skill and personal volition. This ability is never absolute: it has different degrees that are influenced by an awareness of learning goals, available alternatives, and the availability of opportunities for independent learning. The autonomous learner is not one working in isolation from others but one who benefits from his independence for reflecting on learning goals, procedures, and outcomes. Previous research has signalled the value of investigating students’ beliefs about learning to reduce the mismatch between their own conceptualisations and teachers’ interpretations of classroom practices (Peacock, 1999). For Cotterall (1995: 195), investigating students’ beliefs is important because “the beliefs and attitudes they hold have a profound influence on their learning behaviour”. Wenden (1999: 436) believes that investigating students’ beliefs helps to identify how they “manage, direct, regulate, and guide their learning”. Benson (2010), in addition, argues that investigating students’ beliefs about autonomy is necessary because of the multidimensional nature of the concept, its unique nature as a capacity, and its developmental nature which is manifest in different forms in different contexts. This trend encouraged research such as Amuzie and Winke (2009) who sought to understand how beliefs about language learning change according to the learning context. In a similar vein to other settings, the UAE educational context has its own unique features which impact students’ beliefs about how to manage the learning of English as a Foreign Language (EFL). Barcelos (2006) and Holliday (2003) argue that autonomy is particular to every learner in a particular context. Presuming that autonomy does not exist is due to the invisible walls that inhibit us from seeing the autonomy students already have. Methodology This paper reports on research conducted in selected schools in the UAE where students’ beliefs about autonomy in learning English were investigated. Notably, the last few decades has witnessed rapid development in all facets of life in the UAE, including education (Hokal and Shaw, 1999). These rapid changes in UAE education and the provision of new technologies have led to a new situation where learners’ own responsibilities for learning are potentially wider and they have more opportunities to learn independently and use English, and therefore it is an interesting area to explore at this time. The population of this study included 523 male and female students who were studying English in state schools in Abu Dhabi. They came from Grade twelve (G12) where they are encouraged to take independent decisions pertaining to language development and are seen as likely to seek additional resources to improve their proficiency in English. The study sought to answer two research questions: What are the beliefs of the UAE students about autonomy in learning English language?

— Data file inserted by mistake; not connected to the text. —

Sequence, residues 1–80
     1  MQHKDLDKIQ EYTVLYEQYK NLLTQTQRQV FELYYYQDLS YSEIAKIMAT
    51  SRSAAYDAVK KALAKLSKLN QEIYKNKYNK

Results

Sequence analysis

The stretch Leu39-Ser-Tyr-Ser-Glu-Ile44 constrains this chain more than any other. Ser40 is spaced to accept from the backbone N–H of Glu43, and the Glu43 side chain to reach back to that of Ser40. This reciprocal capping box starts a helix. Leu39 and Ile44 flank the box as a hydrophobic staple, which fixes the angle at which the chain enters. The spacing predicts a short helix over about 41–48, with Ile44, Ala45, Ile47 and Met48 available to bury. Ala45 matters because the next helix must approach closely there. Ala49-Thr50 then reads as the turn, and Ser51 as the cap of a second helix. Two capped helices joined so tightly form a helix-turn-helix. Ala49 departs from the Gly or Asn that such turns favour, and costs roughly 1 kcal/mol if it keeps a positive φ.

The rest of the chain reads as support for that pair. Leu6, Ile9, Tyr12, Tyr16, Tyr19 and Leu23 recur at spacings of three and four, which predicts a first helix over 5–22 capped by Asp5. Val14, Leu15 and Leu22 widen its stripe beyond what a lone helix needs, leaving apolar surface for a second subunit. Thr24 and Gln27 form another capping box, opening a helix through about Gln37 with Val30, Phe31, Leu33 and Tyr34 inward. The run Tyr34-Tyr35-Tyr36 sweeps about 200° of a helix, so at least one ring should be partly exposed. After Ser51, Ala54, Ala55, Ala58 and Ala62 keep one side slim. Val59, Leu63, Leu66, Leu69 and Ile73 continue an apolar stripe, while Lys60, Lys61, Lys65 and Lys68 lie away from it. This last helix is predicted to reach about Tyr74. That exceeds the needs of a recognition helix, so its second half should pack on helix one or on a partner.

What are the strategies they apply for managing and improving language skills? A Likert-type questionnaire was devised based on preliminary data collected from Focus Group Interviews (FGIs). For Sakui and Gaies (1999), this technique allows having a “context-sensitive” instrument for measuring beliefs. For Dörnyei (2003: 36), using this scale with a large enough sample size helps to iron out the idiosyncratic differences between particular individuals or occasional inaccurate responses. To verify the validity of the scale, an item analysis was applied to the data from 50 students to measure the Cronbach’s Alpha Reliability Coefficient and to identify the internal consistency and coherence between scale items. The overall alpha was 0.961 indicating that the scale had both face and content validity. In a further step to verify the psychometric features of these factors, their internal consistency was again measured showing 0.941. Dörnyei (2003: 36) argues that this rate indicates strong internal consistency for any research instrument. The data was analysed using both principle component and factor analyses to obtain estimates of the initial components and to determine the underlying factors that represent the data. Factor analysis was used as a data reduction or structure detection method for reducing the number of variables making up the scale and for detecting the common features between them. The emerging clusters of statements represented the sets of beliefs students hold about autonomy. Factor Analysis Results Based on the principal-component analysis, a four-factor solution was obtained for the scores emerging from students’ responses to the questionnaire items. The scree plot showed that the eigenvalues of these factors were greater than one. The extracted factors accounted for 71% of the total variance. This percentage showed the variability in students’ beliefs about autonomy in learning English. The table below shows the eigenvalues of these factors, their variance, and their cumulative percentages. It is significant from the analysis that the first factor had the highest eigenvalue (18.761); whereas the eigenvalues of the other factors ranged between 3.059 and 1.228. This indicates the prominence factor one has over other factors perhaps because it reflects the types of strategies students apply in managing and improving language skills as discussed below.